Emma Rawling (BA)

Emma Rawling (BA)

Emma Rawling, (BA) completed a degree with majors in Celtic and Medieval Studies, and has had a career which at first glance seems remote from her studies, but really it all connects.

She had an interest in all things Celtic from high school years so her choice of University subjects was never in doubt. Her other main interest was always in animals, domestic pets and horses. After a period learning to be self-sufficient in a tepee in a forest in Tasmania, she travelled to Ireland to pursue her interests there. Here she worked at a small sanctuary for donkeys and this helped her decide that she wanted to work with animals. A forced repatriation with a broken leg (from a fall from a horse, naturally) gave her an opportunity to study Veterinary Nursing, which then enabled her to obtain a job with the Donkey Sanctuary in Devon, a major animal charity. She eventually managed a farm with over 500 animals.

The call of the Celtic was still there though and she decided to move to Scotland. Emma then undertook a Master’s degree in wildlife ecology and management at Napier University, with field work in Africa – zebras of course!

Since completing that degree she has worked with the Royal Society for the Protection of Birds, Forestry Commission Scotland, a major Osprey breeding project, and other organisations. For the past three years she has been the Perthshire Ranger for the Scottish Wildlife Trust, managing a number of reserves, being responsible for another Osprey project and has been involved in the re-introduction of beavers into Scotland amongst a myriad of other activities. Living in Perthshire has enabled Emma to explore many medieval and earlier sites. There might be some standing stones and stone circles she has not yet visited.
Here she shares with us how her studies in Celtic and Medieval Studies have led her to this interesting career path.

1. What are your happiest memories about your time here as a student?
It’s a toss-up between the many happy times involving music in Manning Bar, and the many happy long hours lost in Fisher Library- it was the biggest library I’d ever seen and seemed a limitless world of information and resources- a bit like the internet today!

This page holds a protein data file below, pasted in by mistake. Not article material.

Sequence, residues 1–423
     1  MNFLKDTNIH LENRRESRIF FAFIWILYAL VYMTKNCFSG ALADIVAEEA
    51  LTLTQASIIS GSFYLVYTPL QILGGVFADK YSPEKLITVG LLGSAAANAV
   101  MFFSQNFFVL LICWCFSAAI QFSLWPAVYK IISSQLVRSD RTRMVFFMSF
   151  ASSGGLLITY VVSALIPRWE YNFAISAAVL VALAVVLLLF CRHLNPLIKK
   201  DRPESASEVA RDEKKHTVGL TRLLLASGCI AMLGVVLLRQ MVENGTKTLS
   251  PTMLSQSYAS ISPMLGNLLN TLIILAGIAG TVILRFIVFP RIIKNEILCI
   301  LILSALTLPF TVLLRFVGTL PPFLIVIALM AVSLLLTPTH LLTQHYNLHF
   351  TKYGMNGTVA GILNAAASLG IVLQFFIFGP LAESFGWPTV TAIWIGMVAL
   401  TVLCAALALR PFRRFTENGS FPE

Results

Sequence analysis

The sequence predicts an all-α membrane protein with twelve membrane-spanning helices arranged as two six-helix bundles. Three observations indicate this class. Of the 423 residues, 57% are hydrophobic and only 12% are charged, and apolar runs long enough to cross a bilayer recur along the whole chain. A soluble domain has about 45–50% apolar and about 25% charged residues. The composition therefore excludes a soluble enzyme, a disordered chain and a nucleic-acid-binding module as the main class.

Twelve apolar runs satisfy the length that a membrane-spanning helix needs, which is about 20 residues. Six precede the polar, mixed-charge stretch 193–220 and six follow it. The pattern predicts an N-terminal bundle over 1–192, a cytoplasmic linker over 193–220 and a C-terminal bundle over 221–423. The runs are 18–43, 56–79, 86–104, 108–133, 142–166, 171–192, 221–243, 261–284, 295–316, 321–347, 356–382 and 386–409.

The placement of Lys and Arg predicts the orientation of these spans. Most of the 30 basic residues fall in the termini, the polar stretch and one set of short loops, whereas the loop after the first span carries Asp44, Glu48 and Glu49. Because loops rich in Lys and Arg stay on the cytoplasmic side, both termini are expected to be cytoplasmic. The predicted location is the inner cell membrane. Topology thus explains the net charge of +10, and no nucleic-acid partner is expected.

2. Who was your favourite Professor while you were a student at the University of Sydney and why?
Associate Professor John Pryor, from the Medieval and Early Modern Centre – because of his detailed knowledge and love of the medieval. I loved learning with people who were real specialists in their fields and who immersed us deeply in their milieu.

3. What is your proudest achievement?
Achieving a qualification in three very different realms – a BA at Sydney, a science-based Masters degree at Edinburgh Napier University, and a vocational qualification at TAFE, all of which gave me different complementary skills I have combined to great effect in my career.

4. Who inspires you?
So many people who do ordinary unsung jobs, but especially those in careers where vocation and a sense of service override profit and ambition. I am especially inspired by women in conventionally male careers - I have certainly had my fair share of prejudice and stares for driving farm tractors and speaking about science. I am also inspired by all the frontline scientists and conservationists past and present, working hard to explore and protect the natural world.

5. Tell us more about yourself, you background, how you ultimately came to work at the Scottish Wildlife Trust?
My BA led me logically to travel in Europe , Britain and Ireland to explore my roots. It was this immersion in the landscape and culture of my ancestors that brought all that study of history, archeology and literature alive and still inspires me today. Whilst travelling I fell naturally into working in animal welfare and rescue with my practical skills. I then decided to study for an MSc to look at the bigger picture of conservation on a species and habitat level. After working for a wide range of public and charity sector conservation organisations, I found the Wildlife Trust movement with its grassroots approach an ideal fit for me.

6. What is the mantra you live by and what drives you?
To live simply in order that the earth may simply live. Without sounding too trite: I am driven to make a difference, but with a sense of joy, fun and humour!

7. What has been the most memorable success you have had?
I would say: Inspiring a love of nature in the wider public and mentoring the next generation of wildlife professionals. As well as hosting more than 800 students a year in the formal education program I set up, I have personally mentored more than 20 new wildlife rangers to give them a start on this career path. It is satisfying to feel you are passing on skills and experience which will hopefully long outlive you!

8. What are your plans for the future?
To keep being an advocate for nature and make a practical difference- wherever that takes me. Perhaps eventually doing some PhD research or lecturing when I am too old to hold a chainsaw or wrestle an eagle.

9. What advice would you give to students graduating from the University of Sydney?
Explore! Don’t regard your first degree as the only peg on which to hang your career hopes and plans. My career hasn’t been linear and has been a series of satisfying fresh challenges and sideways jumps. Combine your academic studies with practical and real world experience to broaden your horizons.